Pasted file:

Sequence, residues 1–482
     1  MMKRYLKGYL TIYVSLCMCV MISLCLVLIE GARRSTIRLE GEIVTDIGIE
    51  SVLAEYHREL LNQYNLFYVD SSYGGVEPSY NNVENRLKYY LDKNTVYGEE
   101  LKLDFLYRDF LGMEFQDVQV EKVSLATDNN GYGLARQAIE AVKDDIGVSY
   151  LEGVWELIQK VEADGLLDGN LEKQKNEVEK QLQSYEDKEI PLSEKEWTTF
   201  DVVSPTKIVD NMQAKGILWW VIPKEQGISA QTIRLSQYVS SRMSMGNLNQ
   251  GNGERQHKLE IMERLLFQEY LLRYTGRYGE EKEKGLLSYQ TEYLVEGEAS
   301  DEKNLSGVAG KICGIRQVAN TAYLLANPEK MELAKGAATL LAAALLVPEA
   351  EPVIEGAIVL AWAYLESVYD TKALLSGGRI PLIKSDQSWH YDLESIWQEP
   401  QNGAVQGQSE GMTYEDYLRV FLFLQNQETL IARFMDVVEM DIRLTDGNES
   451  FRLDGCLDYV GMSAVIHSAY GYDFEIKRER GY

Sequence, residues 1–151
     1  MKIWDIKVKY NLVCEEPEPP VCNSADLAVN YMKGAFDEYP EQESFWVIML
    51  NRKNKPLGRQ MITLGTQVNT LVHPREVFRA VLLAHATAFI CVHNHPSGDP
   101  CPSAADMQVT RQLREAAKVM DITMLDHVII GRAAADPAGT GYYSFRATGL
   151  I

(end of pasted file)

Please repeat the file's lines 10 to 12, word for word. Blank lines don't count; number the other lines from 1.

   401  QNGAVQGQSE GMTYEDYLRV FLFLQNQETL IARFMDVVEM DIRLTDGNES
   451  FRLDGCLDYV GMSAVIHSAY GYDFEIKRER GY

Sequence, residues 1–151